Tuesday, April 12, 2011

Blindsight by Peter Watts

I don't know what to think about this book. There is a lot I like about it, but at least as much that I don't like. I suppose that's a good thing. I mean, if a book was exactly what I expect it to be, I wouldn't have to read it now would I?


Mysterious objects blaze through earth's atmosphere. A strange construct is detected out in the black, headed this way.

This is a novel about first contact.

Siri 'Cygnus' Keeton, a man with only half a brain, and his artificially augmented crewmates led by a Vampire are sent out to investigate. What they find will bring insight into the nature of the universe as well as the nature of humanity.

This a novel about the futility of our existence.

What I Like

Okay, now that I've got that out of the way lets get into Potential Spoiler Territory.

This is ostensibly a tale of adventure and discovery, an odyssey if you like. I like adventure stories. But in this novel, it is just one the many frames around the novel's core philosophical message. Unfortunately there isn't much action until well into the book, and even that is relatively scarce. The discovery part is slightly more interesting.

Speaking of frames, the most obvious one is the running narration by the protagonist, Siri. I think the decision to go with an unreliable narrator is the true genius of this book because the story is, at least in part, about identity, self discovery, and human ability to perceive reality.

I rather enjoyed the philosophical discussion presented in this book, even if I cannot agree with the conclusions. Although the concepts bandied around are often hard to follow for all the jargon, they are compelling enough to make the effort. The main course of the discussion is solid existentialism with a heavy dose of nihilism wrapped around the philosophy of mind. The tone of it all, if not the content, reminded me very much of the writings of another Canadian author, Karl Schroeder (my current favourite), so I wasn't very surprised that Watts credited him in the afterward with much of the input in this regard.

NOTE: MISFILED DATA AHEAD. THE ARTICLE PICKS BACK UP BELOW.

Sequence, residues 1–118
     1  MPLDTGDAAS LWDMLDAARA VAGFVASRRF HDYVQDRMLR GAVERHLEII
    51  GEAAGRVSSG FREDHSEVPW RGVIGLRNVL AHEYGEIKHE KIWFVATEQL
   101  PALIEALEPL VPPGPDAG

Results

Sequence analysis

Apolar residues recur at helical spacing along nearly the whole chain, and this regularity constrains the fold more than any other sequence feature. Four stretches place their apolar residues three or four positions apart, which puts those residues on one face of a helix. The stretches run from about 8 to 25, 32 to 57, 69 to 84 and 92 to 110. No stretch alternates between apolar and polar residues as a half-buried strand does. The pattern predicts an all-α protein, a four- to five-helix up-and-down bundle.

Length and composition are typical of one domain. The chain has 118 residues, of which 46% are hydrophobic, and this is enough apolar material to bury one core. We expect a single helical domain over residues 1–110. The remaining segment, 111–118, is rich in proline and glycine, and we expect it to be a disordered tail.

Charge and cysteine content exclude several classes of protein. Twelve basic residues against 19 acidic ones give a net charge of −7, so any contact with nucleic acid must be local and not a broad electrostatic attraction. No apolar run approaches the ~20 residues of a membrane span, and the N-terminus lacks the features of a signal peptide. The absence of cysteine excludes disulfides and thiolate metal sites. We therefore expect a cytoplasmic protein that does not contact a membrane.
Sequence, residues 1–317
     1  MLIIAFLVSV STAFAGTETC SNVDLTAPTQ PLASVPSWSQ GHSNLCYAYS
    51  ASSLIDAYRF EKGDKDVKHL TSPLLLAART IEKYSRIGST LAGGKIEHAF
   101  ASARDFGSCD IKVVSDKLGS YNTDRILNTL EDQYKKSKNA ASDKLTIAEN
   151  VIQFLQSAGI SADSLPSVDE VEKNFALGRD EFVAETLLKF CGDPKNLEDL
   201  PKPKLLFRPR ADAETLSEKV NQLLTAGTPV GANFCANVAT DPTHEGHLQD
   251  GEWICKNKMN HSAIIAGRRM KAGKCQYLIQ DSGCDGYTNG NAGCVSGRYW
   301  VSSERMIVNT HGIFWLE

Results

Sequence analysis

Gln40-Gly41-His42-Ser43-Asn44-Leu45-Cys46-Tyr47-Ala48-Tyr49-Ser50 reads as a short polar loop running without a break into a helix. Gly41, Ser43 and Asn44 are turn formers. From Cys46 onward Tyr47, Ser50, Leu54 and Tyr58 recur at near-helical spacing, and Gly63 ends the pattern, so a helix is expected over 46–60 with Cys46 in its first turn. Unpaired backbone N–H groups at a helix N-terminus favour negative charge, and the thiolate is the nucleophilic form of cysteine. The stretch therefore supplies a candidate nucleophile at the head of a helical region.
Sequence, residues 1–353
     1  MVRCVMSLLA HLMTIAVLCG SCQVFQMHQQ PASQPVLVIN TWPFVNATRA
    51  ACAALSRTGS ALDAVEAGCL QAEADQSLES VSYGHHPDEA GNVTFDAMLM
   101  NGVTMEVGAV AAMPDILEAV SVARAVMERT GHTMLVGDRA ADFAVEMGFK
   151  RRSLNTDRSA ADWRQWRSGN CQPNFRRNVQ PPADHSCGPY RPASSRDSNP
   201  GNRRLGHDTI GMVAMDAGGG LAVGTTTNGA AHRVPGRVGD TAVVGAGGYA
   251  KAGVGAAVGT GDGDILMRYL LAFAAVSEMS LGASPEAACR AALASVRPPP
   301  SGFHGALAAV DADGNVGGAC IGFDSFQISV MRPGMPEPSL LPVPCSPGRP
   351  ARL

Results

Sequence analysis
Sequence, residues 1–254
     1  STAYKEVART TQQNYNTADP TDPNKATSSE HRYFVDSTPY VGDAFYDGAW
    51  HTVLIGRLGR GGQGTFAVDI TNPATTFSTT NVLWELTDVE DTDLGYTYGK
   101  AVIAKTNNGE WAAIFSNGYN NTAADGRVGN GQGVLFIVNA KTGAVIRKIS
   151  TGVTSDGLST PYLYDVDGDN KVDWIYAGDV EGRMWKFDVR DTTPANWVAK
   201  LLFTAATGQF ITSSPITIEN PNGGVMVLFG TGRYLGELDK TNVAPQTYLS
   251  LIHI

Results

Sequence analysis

There is also plenty of speculation about future technologies, the highlight for me being the human hibernation process. I loved the description of the process being as if they were dessicated corpses coming back to life like zombies or something. Of course, as described in the book it only really works if you've had Vampire DNA grafted on to your own.

Which brings me to my next point, the fantastically weird crew. Siri is a man with half a brain, the other half of his skull filled with bits of computer, who acts more like Data, the Android from Star Trek: The Next Generation, always trying to be human. There is also Susan James aka. The Gang of Four who has had her conscience artificially split into four individuals. Then there is their Vampire leader, Serasti, a creature recreated from ancient DNA whose ancestors once stalked ours across the savannah. Even the ship, Theseus, is intelligent. Delightfully quirky!

What I Dislike

The biggest drawback for me is that this book doesn't really get interesting until about page 300. Partly this is because the author spent a lot of time on Siri's backstory; a backstory that is perhaps necessary for the message of the novel, but which I found to be mundane. I also didn't find it to be entirely successful at explaining Siri's affliction. Now I admit to not spending much time researching any potential links between hemispherectomies and psychopathy or autism but I don't believe there is one.

Another major drawback for me is that the characters of Amanda Bates, Isaac Spindzell, and Robert Cunningham are not strange enough. The later two are purported to be amped up humans with so many technological enhancements they can no longer feel with their own hands. Instead, they come across as rather baseline humans with a few more research tools that have trouble walking.

Finally, I felt that the vampire vulnerabilty to right angles, i.e. crosses, was a lame concession to the old vampire legends. According to the timeline in the book, vampires died out long before Christianity developed. How the two would become associated is beyond my comprehension.


I found this novel to be an eclectic mix of Canadian and British SF styles. It has the philosophy of Karl Schroeder, the societal dysfunction of Robert J. Sawyer, and the pessimism of virtually all British SF. He even has a tacked on, tangential ending much like most of Alastair Reynolds' books.

At least I know what James Nicoll was talking about now.

"Whenever I find my will to live becoming too strong, I read Peter Watts."
I would have to say that you should avoid this book if you are:
- looking for an adventure story
- confounded by big words
- prone to depression



BTW, This novel, as well as the rest of Peter Watts' work, is freely available on his website, rifters.com

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